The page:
After 12 years at the helm of Givenchy, Riccardo Tisci’s unfalteringly provocative, tough-as-nails designs still resonate. And let’s not forget, as a designer whose key focus has always been to democratise the fashion industry, Riccardo’s push for more entry-price point designs essentially reshaped the way luxury houses have functioned over the last decade.
“You can’t buy talent, love or ability”
Riccardo’s ability to seamlessly design €300,000 couture dresses and trainers at the same time—with the same amount of passion—comes from his early love of sports. “It was the only thing that gave us freedom – it didn’t have a price. When I was at school, the moment sports were involved we were all on the same level. You can’t buy talent, love or ability, so I got super into basketball from when I was 9-years-old,” says Riccardo, explaining that his love of sportswear was born out of necessity rather than fashion. “I come from a very simple working-class family and we didn’t have any money. I didn’t have money to study or do so many things. Especially in 80s and 90s Italy, there was a big divide between the rich and poor.”
“I dreamt of buying Helmut Lang trousers or a Versace shirt but I couldn’t afford it”
But Riccardo, who started working when he was 9-years-old, never let his financial constraints hold him back and stayed focused on a career in fashion despite lacking the means to achieve it. “I dreamt of fashion but I couldn’t afford to study and I couldn’t be a part of the gang because I didn’t have enough money to buy the clothes. I dreamt of buying Helmut Lang trousers or a Versace shirt but I couldn’t afford it,” he says of growing up in an era steeped in excessive maximalism, with labels like Moschino, Versace and Christian Lacroix dominating the runways.
When he was 13, Riccardo took his first foray into Italy’s underground club scene and watched closely as popular music took a sharp turn from rock to hip-hop and R&B (and as fashion revolted against early 90s maximalism in favour of sleeker minimalist silhouettes). “Helmut Lang, Jil Sander and all these new labels came out and that’s when sportswear became high fashion,” he says. “If you were cool, you were wearing minimalist clothing with trainers like Air Max,” he says, recollecting his earliest memory of the iconic silver Air Max 97 – a trainer that became synonymous with Italian club culture, gabber and graffiti kids everywhere from Rome to Naples.
“If you didn’t wear Air Max, you weren’t cool. It belonged to the bad boys and girls.”
“I was young and rebellious. I was always a very good boy but I loved music, I loved raves and I loved partying,” exclaims Riccardo proudly. “If you didn’t wear Air Max, you weren’t cool. It belonged to the bad boys and girls. Like in England, you’d call this kinda guy a ‘bloke’, you know what I mean? The bad boy, the drug dealer in the club – they were cool. I remember girls were wearing them with thigh-high turtleneck jersey dresses, very short, with bare legs and boys wore them with a baseball cap and tracksuit. If you weren’t wearing that, you weren’t getting in the club.”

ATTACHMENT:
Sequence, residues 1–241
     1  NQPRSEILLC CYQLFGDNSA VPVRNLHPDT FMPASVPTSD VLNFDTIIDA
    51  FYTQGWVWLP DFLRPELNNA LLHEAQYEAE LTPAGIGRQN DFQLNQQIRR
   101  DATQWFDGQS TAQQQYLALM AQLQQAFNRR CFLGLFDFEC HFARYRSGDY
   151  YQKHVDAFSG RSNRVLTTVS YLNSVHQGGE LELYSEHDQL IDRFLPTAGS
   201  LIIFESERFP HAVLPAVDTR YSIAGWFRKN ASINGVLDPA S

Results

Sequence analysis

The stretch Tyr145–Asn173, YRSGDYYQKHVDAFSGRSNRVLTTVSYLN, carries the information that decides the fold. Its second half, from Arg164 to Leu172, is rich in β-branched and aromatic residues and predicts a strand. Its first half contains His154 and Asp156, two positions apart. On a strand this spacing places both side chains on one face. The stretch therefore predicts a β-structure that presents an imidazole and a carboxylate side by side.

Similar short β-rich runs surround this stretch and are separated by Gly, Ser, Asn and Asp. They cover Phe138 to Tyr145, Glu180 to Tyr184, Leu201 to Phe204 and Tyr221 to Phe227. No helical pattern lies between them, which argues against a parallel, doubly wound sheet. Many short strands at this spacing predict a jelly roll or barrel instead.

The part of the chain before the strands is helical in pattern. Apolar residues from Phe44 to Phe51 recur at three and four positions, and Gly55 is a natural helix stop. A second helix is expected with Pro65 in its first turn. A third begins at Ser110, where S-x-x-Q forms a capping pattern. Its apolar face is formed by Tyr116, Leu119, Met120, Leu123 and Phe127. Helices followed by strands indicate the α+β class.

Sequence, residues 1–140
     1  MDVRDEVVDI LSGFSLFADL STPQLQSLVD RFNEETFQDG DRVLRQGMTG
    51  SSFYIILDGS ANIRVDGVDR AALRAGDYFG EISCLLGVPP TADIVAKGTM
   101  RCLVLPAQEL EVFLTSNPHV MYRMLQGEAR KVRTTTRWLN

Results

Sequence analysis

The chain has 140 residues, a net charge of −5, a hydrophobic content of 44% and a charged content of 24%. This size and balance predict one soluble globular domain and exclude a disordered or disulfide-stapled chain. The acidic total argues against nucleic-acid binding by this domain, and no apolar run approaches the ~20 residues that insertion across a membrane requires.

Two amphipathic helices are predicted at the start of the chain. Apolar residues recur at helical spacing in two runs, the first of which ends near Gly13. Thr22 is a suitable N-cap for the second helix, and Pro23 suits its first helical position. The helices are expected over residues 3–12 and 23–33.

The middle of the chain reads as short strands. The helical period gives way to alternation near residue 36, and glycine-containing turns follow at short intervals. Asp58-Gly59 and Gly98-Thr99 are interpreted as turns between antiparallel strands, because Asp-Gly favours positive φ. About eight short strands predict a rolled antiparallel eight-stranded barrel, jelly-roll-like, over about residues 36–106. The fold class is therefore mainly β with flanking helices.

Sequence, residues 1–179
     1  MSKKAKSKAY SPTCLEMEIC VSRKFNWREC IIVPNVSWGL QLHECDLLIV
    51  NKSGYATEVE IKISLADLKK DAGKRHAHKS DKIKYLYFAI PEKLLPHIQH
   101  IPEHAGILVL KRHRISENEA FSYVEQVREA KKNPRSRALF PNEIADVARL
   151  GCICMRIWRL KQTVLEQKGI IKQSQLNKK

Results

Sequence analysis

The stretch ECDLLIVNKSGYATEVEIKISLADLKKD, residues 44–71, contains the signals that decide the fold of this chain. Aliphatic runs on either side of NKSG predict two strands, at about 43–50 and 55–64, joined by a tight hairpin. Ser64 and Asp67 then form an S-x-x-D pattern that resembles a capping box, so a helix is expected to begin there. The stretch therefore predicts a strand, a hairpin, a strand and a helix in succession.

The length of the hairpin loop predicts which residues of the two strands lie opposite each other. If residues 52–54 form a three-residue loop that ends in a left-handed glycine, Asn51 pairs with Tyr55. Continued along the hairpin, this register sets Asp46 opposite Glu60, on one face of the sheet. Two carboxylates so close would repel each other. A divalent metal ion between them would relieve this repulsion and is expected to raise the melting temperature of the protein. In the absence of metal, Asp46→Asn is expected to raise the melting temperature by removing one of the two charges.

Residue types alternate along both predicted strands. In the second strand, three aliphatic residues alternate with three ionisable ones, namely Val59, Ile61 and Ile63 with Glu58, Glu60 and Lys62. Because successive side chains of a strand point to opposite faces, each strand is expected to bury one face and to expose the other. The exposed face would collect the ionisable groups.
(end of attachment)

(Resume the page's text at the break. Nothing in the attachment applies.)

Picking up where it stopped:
Having saved up for months, he bought his first pair of Air Max 97s when he was 12-years-old, so being asked to redesign the shoe was nothing short of an “emotional experience” for Riccardo, who’s never considered sportswear a trend, even whilst at Givenchy. “At fittings, I’d be thinking, ‘Why don’t we put some leggings with this evening dress?’ Why don’t we put better leather or fabrics on trainers?’ My designs have always been inspired by my childhood.”
Whether it’s couture, prêt-à-porter or sneakers, inclusivity has always been imperative, especially when it comes to the price. So when Nike first approached Riccardo, he only agreed to design the collaboration if they agreed on fair, affordable, entry-point pricing.
“A naked woman is a beautiful thing, it’s nature. It’s something that—if you don’t do it in a vulgar way—is classic”
The campaign for his collaboration (shot by iconic Italian fashion photographer Paolo Roversi) sees a naked woman draped in an oversized sweatshirt with just the shoes on. “People kept asking me why, but you know how much of a feminist I am. I support women,” he says. He was raised by a single mother and even today, surrounds himself with his army of strong female muses that includes Mariacarla Boscono, Carine Roitfeld and Marina Abramovic. “A naked woman is a beautiful thing, it’s nature. It’s something that—if you don’t do it in a vulgar way—is classic. Paolo has never really worked with a sportswear brand, so we worked to make this beautiful, romantic, fragile image with this really strong shoe – which is what a woman is today: fragile, beautiful, romantic, who should be strong and speak out for themselves.”
One look at Riccardo’s latest visuals and it’s abundantly clear that the strength and romanticism he imbued in Givenchy is inherently his DNA. Whether it’s gauzy gothic lace couture gowns or a pair of sneakers, he designs garments that pulsate with sex appeal, and if you ask him about them, he’ll give you a real story behind each and every piece. “I think everything has been done and there’s been a lot of confusion on the fashion market, and I think the next thing will be about beautiful things that are iconic. In fashion, I think being honest and classic are going to be the next keyword.”